Posted on Tuesday, August 27, 2013
by Paul in x-axis
The Arkea story finished in issue #3, the “Battle for the Atom” crossover doesn’t start until issue #5 – let’s round out that first collection!
Actually, though, that’s unfair. This isn’t a filler issue; Wood could easily have strung out the Arkea arc for four issues if he’d wanted. If anything, four issues would be more common these days. Instead, this issue seems to be trying to take a moment to lay down some markers for future stories and character directions, before the big crossover comes along and subsumes everything for two months.
There are two strands to this issue, pretty much unrelated to one another. In the first, Wolverine tags along as Jubilee takes baby Shogo to visit her old stomping grounds in California. Wolverine’s not meant to be in this book’s regular cast, but evidently Wood’s willing to use other X-Men where it makes sense – and this story really does need Wolverine, given his long-established role as Jubilee’s father/mentor figure. It’s largely a case of Jubilee acting as though she’s visiting something she’s left behind, and Wolverine quietly buying up her old family home so that it’ll be there for her when she finally wants it, which is all very sweet.
It’s pretty clear that Wood is not that interested in the whole vampire thing, which is perfectly understandable since it was a terrible idea, and other writers have already done the heavy lifting to get Jubilee back into circulation. The general approach is just to treat it as her current power set, which pretty much makes sense for the character that Wood inherited. Even so, this issue tiptoes around the whole vampire thing to a remarkable extent; there’s an acknowledgement that she needs some protection to be out in the sun, but that’s literally about it, even though the theme of the story is about the life that she’s left behind and whether she can ever go back to it. These are the opening issues of a new series, officially at least, and if you’re going to bill something that way, it seems to me that these basic concepts ought to be set up somewhere. It seems particularly odd to have characters tiptoeing around a clear explanation of the vampire when they’re also devoting entire pages to reminiscing about the details of old Chris Claremont and Larry Hama stories.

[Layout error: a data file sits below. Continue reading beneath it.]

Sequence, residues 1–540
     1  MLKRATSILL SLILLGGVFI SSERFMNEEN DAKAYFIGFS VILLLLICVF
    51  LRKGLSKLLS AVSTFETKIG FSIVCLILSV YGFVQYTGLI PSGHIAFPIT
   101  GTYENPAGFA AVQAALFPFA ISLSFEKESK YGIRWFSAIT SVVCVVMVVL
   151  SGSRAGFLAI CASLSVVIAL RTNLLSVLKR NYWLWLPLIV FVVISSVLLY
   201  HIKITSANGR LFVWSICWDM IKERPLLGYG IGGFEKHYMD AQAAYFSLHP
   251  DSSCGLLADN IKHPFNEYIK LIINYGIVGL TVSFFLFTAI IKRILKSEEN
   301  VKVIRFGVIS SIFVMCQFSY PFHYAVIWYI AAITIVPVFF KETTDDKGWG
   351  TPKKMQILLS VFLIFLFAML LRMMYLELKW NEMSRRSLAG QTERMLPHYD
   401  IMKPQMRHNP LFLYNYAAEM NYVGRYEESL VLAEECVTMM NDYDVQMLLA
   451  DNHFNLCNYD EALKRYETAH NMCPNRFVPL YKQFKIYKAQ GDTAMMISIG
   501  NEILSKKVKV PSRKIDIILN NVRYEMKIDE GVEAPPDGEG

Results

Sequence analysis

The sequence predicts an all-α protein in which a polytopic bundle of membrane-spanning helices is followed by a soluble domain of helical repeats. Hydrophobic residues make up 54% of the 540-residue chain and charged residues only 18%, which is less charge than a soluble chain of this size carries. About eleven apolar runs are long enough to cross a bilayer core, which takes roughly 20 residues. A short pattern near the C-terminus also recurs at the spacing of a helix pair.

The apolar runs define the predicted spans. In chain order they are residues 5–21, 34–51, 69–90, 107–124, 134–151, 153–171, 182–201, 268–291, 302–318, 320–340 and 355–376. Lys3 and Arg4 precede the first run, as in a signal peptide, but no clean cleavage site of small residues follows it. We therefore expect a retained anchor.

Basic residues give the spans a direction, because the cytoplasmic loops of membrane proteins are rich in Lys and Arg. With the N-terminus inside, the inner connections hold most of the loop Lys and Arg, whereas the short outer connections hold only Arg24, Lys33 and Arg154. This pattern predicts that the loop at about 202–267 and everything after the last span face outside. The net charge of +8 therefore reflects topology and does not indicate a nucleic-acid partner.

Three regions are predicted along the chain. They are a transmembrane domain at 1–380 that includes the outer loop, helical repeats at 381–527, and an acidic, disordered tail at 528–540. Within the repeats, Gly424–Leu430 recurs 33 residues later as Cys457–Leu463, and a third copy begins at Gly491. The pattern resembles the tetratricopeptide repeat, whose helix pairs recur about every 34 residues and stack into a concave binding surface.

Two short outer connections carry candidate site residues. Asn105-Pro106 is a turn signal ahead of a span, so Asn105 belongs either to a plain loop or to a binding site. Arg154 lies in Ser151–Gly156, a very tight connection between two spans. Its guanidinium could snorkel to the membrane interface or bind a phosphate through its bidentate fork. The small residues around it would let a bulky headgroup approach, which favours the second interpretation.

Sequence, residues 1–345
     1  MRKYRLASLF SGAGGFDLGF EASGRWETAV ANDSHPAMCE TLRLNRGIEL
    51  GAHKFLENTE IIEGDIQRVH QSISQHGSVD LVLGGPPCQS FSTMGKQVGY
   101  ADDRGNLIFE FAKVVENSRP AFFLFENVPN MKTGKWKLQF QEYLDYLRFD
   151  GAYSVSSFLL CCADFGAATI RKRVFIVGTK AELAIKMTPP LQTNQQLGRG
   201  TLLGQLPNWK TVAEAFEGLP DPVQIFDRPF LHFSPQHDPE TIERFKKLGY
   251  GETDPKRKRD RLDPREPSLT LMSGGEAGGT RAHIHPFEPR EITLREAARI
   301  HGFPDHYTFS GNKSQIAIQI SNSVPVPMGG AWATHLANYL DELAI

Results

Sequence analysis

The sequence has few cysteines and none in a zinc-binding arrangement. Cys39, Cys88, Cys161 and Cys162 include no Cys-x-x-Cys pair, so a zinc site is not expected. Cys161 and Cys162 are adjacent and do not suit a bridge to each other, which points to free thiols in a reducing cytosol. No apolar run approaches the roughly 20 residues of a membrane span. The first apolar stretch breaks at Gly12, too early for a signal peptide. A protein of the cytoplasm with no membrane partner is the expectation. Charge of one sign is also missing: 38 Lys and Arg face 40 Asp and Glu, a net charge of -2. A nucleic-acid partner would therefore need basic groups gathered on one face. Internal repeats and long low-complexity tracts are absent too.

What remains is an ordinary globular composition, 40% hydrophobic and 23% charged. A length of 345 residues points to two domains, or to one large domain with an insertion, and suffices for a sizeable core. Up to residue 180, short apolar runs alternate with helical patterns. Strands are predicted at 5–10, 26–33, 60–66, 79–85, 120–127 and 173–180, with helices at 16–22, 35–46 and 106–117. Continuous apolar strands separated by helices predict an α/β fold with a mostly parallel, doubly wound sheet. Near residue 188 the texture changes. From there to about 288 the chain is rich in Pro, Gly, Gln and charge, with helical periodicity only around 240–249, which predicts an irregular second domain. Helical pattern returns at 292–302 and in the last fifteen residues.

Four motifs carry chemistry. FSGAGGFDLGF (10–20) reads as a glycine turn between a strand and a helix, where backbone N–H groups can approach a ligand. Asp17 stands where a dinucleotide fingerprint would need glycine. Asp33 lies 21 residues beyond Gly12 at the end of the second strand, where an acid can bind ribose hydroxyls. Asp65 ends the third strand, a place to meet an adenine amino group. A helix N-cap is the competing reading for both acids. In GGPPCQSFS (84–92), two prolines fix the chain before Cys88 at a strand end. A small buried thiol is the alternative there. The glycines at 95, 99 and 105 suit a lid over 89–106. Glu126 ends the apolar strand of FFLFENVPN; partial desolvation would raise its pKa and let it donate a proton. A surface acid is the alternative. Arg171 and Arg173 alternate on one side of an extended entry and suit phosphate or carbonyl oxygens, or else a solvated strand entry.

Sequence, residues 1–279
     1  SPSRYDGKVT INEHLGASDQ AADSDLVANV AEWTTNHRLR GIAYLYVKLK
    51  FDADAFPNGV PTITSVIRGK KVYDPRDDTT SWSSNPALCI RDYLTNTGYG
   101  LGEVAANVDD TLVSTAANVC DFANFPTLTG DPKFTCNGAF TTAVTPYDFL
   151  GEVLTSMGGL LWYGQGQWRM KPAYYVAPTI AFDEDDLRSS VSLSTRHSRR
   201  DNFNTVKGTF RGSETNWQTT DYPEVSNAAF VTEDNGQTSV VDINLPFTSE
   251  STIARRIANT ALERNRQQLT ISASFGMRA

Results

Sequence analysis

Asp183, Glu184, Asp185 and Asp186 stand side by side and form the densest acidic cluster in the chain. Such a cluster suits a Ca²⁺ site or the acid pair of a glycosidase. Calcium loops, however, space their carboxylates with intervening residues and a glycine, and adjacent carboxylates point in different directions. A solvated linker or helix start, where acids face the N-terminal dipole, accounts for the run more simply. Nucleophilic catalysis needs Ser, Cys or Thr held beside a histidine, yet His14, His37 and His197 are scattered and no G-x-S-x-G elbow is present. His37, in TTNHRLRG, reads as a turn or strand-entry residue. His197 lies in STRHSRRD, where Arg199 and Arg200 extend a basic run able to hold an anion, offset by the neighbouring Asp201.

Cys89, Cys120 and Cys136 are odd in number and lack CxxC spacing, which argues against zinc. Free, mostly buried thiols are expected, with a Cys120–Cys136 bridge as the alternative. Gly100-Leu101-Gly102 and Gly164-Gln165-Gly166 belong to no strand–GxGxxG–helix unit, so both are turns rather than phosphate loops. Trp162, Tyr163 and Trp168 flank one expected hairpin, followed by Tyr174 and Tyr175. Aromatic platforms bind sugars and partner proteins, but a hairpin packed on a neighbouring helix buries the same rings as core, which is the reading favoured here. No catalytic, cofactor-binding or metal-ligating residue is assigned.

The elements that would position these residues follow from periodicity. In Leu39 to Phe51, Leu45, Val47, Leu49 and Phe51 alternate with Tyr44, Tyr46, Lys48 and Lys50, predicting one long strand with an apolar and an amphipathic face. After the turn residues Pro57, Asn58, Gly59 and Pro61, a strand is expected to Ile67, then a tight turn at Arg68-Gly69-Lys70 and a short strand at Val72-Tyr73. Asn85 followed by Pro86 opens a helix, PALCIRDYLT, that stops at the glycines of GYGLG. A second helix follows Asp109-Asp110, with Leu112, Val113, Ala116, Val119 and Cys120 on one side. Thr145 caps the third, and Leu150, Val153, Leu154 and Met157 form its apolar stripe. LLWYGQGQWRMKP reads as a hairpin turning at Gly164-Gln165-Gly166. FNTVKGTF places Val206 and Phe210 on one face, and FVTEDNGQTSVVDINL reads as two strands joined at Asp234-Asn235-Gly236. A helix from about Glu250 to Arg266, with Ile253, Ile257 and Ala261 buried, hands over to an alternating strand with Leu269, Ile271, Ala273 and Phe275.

Still, if you already know Jubilee’s status quo – and I guess most readers probably do – then the story’s a nice chance to see her and Wolverine back together again, and that’s a relationship Wood gets very well. And we’ve got guest art from David Lopez, who’s always good on this sort of story, and whose work is always beautiful to look at. I remain mystified by the fact that Lopez keeps cropping up on fill-ins when he so obviously ought to have a high-profile assignment, but at least this issue gains from it.
Oh yes, the other half. The rest of the team squabble while rescuing an airplane in trouble. This is the obligatory action sequence, but the real point here is to have Rachel and Storm argue about whether it would have been acceptable to kill Karima in the previous issue, and for Rachel to challenge Storm’s authority on the whole topic. I’m fine with that as a direction; Storm’s a bit of an elder statesman character, and there’s nothing wrong with having somebody else challenge that status.
As with earlier issues, though, the action sequences leave something to be desired. There’s a commendable attempt at coming up with a clever scheme to save the plane through the creative use of powers, which is precisely how these things ought to be done, but for the life of me I don’t understand what the plan actually is or how it’s supposed to work. It seems to involve using telekinesis to create a rope of some sort to… to… I guess they’re lashing the plane to the Blackbird or something, but it’s never entirely clear, I have a nagging feeling that Psylocke’s not even meant to be telekinetic at the moment (she’s such a mess of a character that even I can’t remember her status with any real confidence), and besides, making energy ropes is more a Green Lantern stunt. There’s a difference between finding a creative use for a character’s powers and just giving her different powers, and this is on the wrong side of the line.
Still, it’s a pretty issue, and a lot of the material with Wolverine and Jubilee is a welcome throwback to a much-loved relationship.